However, before their departure, Williams had to design a near-infrared spectrophotometer to record the penguins' muscle oxygen stores as they dived in the wild. After two trying years of technical development and testing, Williams was able to travel south with her colleagues to surgically implant the spectrophotometers in the pectoralis muscles of emperor penguins. They also attached timedepth recorders to the animals' backs to track their dive profiles. Finally, the team ensured that the animals would return with their precious equipment by drilling an isolated hole in the sea ice to which the penguins were guaranteed to return before releasing the implanted animals to go foraging for a day or two.

After successfully retrieving all of the spectrophotometers and dive recorders and returning the penguins to their colony, Williams began analysing the data and found that the penguins had been actively foraging beneath the ice. Of the 50 dives that Williams successfully recorded, 31 exceeded the emperor penguin's calculated dive limit.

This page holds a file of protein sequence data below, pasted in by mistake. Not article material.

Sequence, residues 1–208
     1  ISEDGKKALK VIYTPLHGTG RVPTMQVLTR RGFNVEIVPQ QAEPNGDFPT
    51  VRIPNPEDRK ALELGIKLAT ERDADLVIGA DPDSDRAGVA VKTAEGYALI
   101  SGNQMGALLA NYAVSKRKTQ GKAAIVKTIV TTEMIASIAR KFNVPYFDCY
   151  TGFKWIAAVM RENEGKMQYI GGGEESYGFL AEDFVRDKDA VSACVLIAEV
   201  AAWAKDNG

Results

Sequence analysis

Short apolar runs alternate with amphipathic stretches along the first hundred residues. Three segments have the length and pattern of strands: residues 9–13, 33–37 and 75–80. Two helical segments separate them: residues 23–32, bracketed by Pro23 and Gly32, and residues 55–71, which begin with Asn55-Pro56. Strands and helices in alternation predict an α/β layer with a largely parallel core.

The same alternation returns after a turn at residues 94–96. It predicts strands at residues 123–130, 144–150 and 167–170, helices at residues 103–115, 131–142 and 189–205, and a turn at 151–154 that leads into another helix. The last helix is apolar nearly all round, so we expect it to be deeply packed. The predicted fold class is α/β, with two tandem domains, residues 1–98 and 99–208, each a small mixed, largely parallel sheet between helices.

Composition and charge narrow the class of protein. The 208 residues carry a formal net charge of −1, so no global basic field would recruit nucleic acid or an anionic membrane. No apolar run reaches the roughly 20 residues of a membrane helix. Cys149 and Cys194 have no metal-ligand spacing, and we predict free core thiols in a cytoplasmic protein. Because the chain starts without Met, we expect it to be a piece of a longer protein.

Next, Williams plotted the muscle oxygen profiles over the course of each dive and identified two distinct patterns. In the first, the oxygen levels fell continually, approaching zero around the point when the birds crossed the aerobic dive limit. Williams says, 'This profile certainly supports the hypothesis that muscle oxygen depletion is the trigger of the aerobic dive limit.'

However, when the team saw the second pattern, they were surprised that, after initially falling, the oxygen levels plateaued for several minutes before falling again to almost zero. They realised that blood must be flowing into the muscle to replenish the oxygen supply during the middle phase of the dive, delaying the onset of the aerobic dive limit.